Darby’s never going to forget me; apart from being the only guy in the class of 22, I succumbed to my first ever yoga injury on Saturday right in front of him and he was quite concerned. It was the afternoon session on Saturday – we were going from 3:30 to 9:30 pm with an hour break in the middle.
Darby decided to have us work on backbends. Since we were going straight into them outside of a practice, he wanted us to warm up with a few back-bending asanas. I recognized none of them – they weren’t Ashtanga poses at any rate. During one of these, I lay, back bent over a block, arms reaching out past my head with hands together in prayer, and my legs straight out in the other direction, feet in kinda Setu Bandhasana ‘Charlie Chaplin’ style. I lay perfectly still in the pose for a few minutes and then he had us come out. It was at that point that I realised I had lost all feeling in my left arm. I guess I’d pinched a nerve or something. After a little while we went into a series of Surya Cs. I couldn’t raise my left arm more than a couple of inches from my side. Eventually, some motion came back and I was able to raise my arm but then when I tried bringing it down, it would crash down limply. I gave up on it and sat out the afternoon. Darby reckoned I’d get it back slowly by the end of the evning but added ominously that if it didn’t then ‘we were in trouble’. Nice.
I became a spectator for the rest of the afternoon. Which was a pity – it was a fine time for asanas. The sun was hot on us through the big windows – which were open for probably the first time this year. Slowly I could sense the feeling ebbing back into my arm – I had a numb spot on the meat of the palm below the thumb and another up at the top and outside of my arm (it’s sore now – and I’m happy about that. It’s progress – because ‘soreness’ is at least a sensation, a feeling).
I admit I was internally freaked out about my weird injury. Slowly though that got downgraded to merely bummed out. By the break at 6:30 I hadn’t done much. But the evening would improve; During break most of the class filed out of the studio to get refreshed at the multitude of yoga-friendly places on the Danforth strip. I stayed in the shala – I had brought a bag of oranges and apples; I couldn’t imagine eating anything heavier in the middle of a workshop.
Darby stuck around as well so we shared the fruit and talked for about hour. It lifted my spirits – here I was, given a rare chance to shoot the breeze with the only certified teacher in the country – one of Guruji’s first western students no less.
I asked him the Ashtanga question in my mind lately: ‘Is it really still worth going to Mysore – I mean you get no attention and it’s just so crowded’. He responded that it was definitely worth it. Here’s the gist of what he said: The energy there is incredible. You go there to be amongst the like-minded and to soak up the enthusiasm and commitment of the people who’ve gathered there. And guruji is something else – he has an aura about him. It’s almost beside the point that you hardly ever get adjusted at AYRI – you go there to build the proper samskaras – by being alongside devotees who, for example, go so far as to stop eating around 2:00 pm for the sake of their asana practice. It relit my enthusiasm. Then we talked about other stuff – India and how it’s changing for example; He went to India in 1979 and fell in love with it. According to him Indians still have a ‘spiritual energy’ about them (though perhaps not for much longer) that is largely lost in the West.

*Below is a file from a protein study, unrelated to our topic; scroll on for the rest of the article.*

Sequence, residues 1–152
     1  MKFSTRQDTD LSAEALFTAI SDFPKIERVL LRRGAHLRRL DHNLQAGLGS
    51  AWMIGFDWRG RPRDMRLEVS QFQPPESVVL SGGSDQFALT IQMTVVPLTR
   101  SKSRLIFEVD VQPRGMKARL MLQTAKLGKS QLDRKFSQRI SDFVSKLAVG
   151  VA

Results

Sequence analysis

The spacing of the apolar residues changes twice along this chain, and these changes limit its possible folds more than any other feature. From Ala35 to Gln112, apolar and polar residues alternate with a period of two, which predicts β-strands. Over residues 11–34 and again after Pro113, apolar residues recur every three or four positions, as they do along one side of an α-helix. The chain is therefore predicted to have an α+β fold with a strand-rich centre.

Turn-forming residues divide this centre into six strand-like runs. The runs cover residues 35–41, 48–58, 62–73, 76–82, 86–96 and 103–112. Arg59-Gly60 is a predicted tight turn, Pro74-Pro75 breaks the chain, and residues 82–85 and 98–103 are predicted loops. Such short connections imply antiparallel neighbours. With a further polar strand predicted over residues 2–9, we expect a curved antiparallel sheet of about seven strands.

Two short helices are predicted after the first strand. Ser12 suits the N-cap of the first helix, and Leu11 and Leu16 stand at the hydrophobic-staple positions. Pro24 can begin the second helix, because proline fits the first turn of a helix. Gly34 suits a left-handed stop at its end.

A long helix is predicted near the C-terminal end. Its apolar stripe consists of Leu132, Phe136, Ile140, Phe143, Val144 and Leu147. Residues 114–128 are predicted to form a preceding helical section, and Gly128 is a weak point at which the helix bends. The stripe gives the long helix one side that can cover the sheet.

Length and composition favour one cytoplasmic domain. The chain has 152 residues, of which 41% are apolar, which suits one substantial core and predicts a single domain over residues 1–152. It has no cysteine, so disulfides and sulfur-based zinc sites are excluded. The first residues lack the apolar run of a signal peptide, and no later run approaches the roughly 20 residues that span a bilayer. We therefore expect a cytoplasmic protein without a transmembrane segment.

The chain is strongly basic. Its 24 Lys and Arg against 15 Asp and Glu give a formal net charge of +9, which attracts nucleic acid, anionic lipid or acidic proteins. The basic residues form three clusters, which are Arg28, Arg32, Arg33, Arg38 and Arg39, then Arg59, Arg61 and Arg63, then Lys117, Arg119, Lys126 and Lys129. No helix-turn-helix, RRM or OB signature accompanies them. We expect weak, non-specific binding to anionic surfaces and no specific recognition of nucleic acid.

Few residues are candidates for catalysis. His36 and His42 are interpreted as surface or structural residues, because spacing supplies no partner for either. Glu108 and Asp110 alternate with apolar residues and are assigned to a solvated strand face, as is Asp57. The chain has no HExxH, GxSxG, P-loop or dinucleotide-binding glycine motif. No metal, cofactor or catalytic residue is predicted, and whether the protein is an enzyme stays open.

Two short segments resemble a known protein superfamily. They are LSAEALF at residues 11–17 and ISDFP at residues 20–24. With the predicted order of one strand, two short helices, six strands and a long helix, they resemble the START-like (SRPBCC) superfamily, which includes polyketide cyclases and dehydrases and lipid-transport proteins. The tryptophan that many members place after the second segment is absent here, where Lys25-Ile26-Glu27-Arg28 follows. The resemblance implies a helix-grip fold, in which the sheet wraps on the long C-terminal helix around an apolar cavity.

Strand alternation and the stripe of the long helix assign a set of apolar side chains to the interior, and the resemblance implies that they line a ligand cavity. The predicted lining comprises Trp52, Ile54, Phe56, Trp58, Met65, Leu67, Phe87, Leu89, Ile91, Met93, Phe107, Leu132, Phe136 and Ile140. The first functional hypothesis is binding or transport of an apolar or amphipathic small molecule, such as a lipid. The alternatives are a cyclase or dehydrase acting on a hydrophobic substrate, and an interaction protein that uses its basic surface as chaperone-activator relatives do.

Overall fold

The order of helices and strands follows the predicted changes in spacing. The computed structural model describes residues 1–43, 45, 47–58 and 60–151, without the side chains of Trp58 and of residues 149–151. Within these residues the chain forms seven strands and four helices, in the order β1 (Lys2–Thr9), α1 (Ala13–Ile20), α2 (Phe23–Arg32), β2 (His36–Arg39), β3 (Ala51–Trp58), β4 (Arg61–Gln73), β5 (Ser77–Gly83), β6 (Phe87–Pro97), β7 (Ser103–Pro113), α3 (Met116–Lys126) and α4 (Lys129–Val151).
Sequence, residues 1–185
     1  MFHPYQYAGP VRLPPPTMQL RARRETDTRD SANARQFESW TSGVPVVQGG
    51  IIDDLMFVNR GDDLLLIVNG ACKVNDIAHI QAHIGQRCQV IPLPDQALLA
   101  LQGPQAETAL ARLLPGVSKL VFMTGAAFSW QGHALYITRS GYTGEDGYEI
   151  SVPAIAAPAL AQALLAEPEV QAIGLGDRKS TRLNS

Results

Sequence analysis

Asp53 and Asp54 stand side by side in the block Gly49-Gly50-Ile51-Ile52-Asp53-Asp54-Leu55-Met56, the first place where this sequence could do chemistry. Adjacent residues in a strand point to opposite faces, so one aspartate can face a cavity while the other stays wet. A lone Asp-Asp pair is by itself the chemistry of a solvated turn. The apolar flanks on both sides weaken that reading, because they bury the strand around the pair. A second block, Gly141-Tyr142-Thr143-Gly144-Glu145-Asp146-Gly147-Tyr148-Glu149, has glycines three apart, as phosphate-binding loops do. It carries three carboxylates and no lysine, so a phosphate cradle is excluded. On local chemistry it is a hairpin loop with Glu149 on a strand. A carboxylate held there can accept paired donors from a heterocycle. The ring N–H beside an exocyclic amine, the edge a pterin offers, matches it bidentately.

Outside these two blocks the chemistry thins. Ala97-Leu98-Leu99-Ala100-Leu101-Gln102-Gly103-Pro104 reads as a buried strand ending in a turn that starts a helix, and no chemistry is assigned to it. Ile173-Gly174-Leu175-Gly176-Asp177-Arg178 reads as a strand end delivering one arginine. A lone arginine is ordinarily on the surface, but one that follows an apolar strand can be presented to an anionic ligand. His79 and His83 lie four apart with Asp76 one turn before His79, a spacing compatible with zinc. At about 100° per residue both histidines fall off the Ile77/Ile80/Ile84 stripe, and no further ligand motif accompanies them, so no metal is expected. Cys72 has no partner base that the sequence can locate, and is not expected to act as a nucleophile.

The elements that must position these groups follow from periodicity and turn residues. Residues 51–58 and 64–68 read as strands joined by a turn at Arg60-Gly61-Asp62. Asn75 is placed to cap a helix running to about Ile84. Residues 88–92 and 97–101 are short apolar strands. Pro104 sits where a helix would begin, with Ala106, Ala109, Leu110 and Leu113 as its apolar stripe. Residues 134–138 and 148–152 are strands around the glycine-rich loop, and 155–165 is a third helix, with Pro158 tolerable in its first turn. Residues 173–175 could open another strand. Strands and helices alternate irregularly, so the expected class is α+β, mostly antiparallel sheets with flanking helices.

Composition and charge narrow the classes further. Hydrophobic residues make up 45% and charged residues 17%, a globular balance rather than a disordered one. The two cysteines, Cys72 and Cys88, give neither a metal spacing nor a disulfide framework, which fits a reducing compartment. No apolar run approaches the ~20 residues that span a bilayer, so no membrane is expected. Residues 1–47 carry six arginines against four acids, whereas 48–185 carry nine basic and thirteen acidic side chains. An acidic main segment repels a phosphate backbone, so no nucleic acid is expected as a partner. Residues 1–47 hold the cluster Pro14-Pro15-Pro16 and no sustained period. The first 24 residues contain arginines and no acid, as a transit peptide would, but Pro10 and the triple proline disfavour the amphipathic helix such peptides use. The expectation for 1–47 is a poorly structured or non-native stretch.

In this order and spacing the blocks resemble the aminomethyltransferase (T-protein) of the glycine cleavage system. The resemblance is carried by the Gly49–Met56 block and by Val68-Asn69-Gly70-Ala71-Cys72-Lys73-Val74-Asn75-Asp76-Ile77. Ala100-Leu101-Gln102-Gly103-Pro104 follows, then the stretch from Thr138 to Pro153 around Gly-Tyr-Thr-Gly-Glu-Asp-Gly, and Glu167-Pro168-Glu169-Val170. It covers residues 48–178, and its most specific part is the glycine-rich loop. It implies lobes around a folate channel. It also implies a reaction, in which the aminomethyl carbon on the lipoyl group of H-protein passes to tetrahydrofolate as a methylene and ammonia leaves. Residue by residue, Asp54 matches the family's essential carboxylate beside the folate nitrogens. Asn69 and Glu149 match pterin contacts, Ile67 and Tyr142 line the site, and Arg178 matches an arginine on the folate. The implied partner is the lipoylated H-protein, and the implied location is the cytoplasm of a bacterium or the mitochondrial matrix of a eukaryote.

In those early days, he said ‘we felt it was crowded if there were 10 or 12 of us and sometimes it was just me and my wife with Guruji’. We talked for a good while like this and I enjoyed our conversation – and got more out of it than I did the actual asanas that day.
When we reconvened at 7:30 we spent some time in discussion about basic principles – chakras, bandhas and so forth. He had a cool analogy regarding the moola bandha; Say a doctor’s got a pill and it’ll cure absolutely any disease or ailment- absolutely any illness – except there’s a catch; it doesn’t work if you think about monkeys. Well, a doctor wouldn’t hand it out to a patient and say ‘Here take this…and oh yeah don’t think about monkeys’. When Darby started practicing, Guruji never even mentioned the Bandhas. You don’t do your asanas continually thinking about whether you’re getting the Moola Bandha or not. You just do your asanas and not worry about it. It just come on it’s own as you work on your practice.
He also mentioned how the practice varies for him day-to-day and how he teaches it. For example he sometimes leads a class through a practice consisting of simply 108 Surya Cs (I asked why 108? And he told us the story of Shiva and Sati). He called it a wonderful practice and talked about how you can see peoples eyes just glistening and shining afterwards. After we got through talking theory, we went through some of the seated poses before wrapping up for the evening around 10 pm.
The final session was 2 hours – from 7:30 to 9:30 on Sunday morning. It was almost as though we’d been building up to it all weekend – a full vinyasa primary practice. It was intense and sweaty. I’m coming out of a bout of flu so it was extra hard work – but wonderful nevertheless. Darby’s a bit of a comedian though; he made us work harder in Navasana by stopping to make really slow announcements on upcoming workshops (in the Yukon) and telling jokes. He also ‘threatened’ us with a slow 108-count for Tolasana – but it turned out to be just 25.
All in all, it was a memorable, enlightening and inspiring weekend – and loads of fun.